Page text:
AHS Ladycats vs. Springtown at Aledo;
Varsity, 6:30 p.m.
JV, 5 p.m.
9th, 5 p.m.
Over the past three school years, Weatherford High School has seen an upward trend in the number of high school students who “complete” high school. In fact, these numbers have gone from “academically unacceptable to above 95 percent in all WHS student groups and our Completion 1 Rate is now at an Exemplary level.
The work of the WHS administrative team is complemented by staff members who have gone above and beyond to locate students who were not enrolled in school. In some cases, students had been “missing in action” for 2-3 years.
Amy Rankin has worked with Student Services and with the attendance clerks to locate students who have not re-enrolled in school following a withdrawal. She has found some students enrolled at other school districts under different ID numbers, names misspelled, etc. Amy knows and understands the science of PEIMS and is willing to share her expertise willingly and cheerfully. No longer is it “OK” for a student to be a “no show” in Weatherford ISD. Amy ensures that each withdrawal is coded perfectly so that all students can be appropriately accounted for.
Alma Nichols, the WHS attendance clerk, has also taken the initiative to locate students who are not enrolled in school. Alma is able to strike that delicate balance between upholding attendance rules and regulations and listening to our students and their parents. Using this attribute, she cleared at least 112 “no shows” from the WHS list during the first month of this school year.
Aileen Akbar, WHS parent liaison, understands the role education plays in the lives of the school’s English Language Learners. Her knowledge about how to navigate the public education system in Texas has led to countless conversations with students about the importance of finishing high school. One quick example: In September Aileen tracked down a student who needed to pass a section of the TAKS test. She continued conversations with the student even though the student was out of the country making sure the student was informed about the next TAKS session.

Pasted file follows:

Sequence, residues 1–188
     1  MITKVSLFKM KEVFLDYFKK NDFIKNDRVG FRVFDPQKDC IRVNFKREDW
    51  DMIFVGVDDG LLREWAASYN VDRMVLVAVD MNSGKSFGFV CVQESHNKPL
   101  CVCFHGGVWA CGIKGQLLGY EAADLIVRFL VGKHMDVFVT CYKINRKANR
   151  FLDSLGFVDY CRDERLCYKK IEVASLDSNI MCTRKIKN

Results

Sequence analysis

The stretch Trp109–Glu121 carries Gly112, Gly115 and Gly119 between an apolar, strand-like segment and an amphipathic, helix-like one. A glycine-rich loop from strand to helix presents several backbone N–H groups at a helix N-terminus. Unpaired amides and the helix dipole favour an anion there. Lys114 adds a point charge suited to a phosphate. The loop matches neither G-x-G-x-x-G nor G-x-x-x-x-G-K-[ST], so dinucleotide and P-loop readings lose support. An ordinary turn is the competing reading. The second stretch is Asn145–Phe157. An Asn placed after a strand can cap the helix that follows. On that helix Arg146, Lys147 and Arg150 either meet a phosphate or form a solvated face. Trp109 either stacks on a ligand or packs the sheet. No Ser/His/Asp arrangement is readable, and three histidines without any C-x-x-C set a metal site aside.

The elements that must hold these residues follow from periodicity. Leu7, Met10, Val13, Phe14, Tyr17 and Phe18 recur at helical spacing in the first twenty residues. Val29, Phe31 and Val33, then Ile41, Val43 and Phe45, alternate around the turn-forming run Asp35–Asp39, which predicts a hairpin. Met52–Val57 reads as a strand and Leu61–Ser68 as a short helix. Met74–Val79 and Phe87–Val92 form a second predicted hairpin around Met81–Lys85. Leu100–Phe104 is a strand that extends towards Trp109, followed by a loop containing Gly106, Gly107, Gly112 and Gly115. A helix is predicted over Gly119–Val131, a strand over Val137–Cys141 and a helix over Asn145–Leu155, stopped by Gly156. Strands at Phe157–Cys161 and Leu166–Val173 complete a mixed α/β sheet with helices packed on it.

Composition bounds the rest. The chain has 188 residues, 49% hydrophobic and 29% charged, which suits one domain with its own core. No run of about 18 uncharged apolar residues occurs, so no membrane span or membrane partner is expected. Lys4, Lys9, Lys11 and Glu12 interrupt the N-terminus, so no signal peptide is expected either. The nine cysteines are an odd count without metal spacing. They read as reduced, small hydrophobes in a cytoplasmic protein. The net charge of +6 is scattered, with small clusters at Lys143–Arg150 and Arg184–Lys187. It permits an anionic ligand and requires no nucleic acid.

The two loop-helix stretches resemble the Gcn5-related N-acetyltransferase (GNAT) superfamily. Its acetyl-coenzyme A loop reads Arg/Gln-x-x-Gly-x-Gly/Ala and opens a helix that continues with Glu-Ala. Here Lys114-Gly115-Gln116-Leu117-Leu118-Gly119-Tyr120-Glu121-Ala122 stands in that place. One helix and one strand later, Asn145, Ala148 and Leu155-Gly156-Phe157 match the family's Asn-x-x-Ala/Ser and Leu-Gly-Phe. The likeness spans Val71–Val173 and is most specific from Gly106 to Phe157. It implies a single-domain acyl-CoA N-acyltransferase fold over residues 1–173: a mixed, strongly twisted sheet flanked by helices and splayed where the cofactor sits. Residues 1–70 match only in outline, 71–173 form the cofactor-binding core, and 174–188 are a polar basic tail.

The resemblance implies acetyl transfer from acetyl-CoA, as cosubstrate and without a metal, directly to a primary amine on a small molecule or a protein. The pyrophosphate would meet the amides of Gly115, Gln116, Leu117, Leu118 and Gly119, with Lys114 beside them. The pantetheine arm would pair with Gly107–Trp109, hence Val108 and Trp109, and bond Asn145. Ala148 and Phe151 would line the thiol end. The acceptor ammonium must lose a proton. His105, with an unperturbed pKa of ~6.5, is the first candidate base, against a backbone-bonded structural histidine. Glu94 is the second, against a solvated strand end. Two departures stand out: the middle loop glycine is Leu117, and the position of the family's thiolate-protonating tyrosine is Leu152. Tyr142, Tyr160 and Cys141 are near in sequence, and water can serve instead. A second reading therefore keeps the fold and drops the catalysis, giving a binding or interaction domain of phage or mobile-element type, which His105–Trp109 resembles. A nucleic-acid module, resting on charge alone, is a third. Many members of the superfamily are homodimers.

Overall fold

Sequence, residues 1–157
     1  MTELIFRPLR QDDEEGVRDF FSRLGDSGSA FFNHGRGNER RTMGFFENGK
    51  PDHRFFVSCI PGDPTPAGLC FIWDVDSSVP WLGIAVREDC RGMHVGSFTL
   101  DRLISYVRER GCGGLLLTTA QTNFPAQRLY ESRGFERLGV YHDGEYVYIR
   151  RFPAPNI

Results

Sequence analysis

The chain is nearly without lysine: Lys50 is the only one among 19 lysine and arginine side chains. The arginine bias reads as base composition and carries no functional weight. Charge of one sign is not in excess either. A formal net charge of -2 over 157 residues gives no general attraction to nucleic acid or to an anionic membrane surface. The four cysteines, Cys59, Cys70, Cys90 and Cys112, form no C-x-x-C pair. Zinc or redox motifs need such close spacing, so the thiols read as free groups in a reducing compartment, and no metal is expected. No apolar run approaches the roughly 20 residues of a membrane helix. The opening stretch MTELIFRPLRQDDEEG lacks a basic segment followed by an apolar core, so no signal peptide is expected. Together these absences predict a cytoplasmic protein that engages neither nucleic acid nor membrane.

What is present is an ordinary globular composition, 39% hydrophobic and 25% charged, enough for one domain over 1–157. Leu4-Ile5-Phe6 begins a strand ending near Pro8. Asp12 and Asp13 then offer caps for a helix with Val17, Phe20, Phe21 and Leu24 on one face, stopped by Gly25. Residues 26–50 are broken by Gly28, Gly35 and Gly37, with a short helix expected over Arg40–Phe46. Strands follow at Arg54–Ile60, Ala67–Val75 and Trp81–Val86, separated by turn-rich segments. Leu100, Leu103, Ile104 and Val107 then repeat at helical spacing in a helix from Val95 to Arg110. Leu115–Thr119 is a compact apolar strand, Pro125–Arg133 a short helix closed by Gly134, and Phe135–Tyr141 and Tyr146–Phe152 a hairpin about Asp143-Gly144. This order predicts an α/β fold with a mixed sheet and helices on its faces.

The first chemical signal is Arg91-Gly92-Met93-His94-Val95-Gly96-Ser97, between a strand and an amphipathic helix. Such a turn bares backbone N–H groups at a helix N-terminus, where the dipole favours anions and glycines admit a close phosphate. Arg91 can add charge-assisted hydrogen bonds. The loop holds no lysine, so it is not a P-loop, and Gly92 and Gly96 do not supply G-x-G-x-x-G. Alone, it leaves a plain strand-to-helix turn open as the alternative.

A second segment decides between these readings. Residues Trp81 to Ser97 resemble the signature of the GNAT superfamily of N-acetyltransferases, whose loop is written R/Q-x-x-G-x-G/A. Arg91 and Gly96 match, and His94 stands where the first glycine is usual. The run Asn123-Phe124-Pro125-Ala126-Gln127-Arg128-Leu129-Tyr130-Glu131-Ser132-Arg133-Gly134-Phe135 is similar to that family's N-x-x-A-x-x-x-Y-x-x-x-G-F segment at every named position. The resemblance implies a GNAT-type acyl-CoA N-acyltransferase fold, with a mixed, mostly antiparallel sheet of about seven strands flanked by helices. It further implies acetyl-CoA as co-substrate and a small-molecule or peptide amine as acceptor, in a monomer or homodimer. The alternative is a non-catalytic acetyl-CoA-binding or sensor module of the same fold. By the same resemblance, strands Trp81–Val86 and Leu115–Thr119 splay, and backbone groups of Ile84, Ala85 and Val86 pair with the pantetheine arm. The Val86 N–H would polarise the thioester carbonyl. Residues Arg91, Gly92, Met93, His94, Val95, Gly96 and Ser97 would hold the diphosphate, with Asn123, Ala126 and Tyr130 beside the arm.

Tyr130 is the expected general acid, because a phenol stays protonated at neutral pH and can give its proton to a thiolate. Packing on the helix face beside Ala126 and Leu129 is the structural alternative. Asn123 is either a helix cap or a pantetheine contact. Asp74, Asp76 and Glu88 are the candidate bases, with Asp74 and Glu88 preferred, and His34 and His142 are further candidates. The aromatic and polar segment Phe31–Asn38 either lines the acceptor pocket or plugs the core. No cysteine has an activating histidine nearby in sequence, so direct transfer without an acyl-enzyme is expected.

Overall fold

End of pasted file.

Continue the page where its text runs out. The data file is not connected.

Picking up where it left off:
Pam Freeman, in particular, has a unique communication style that draws students and their parents to listen to her about the value of education. She knows enough people in the city to make connections until she locates dropouts on their jobs or “elsewhere” and, in some cases, she connects new mothers with needed daycare resources or with prospective employers. She is a kid magnet who can communicate the realities of life without an education in a way that they understand. Pam can – at any moment – tell you the number of students in the PASS program who are going to graduate. She is an unsung hero who has inspired students who are facing unusual challenges to come back to WHS and be a part of the PASS program.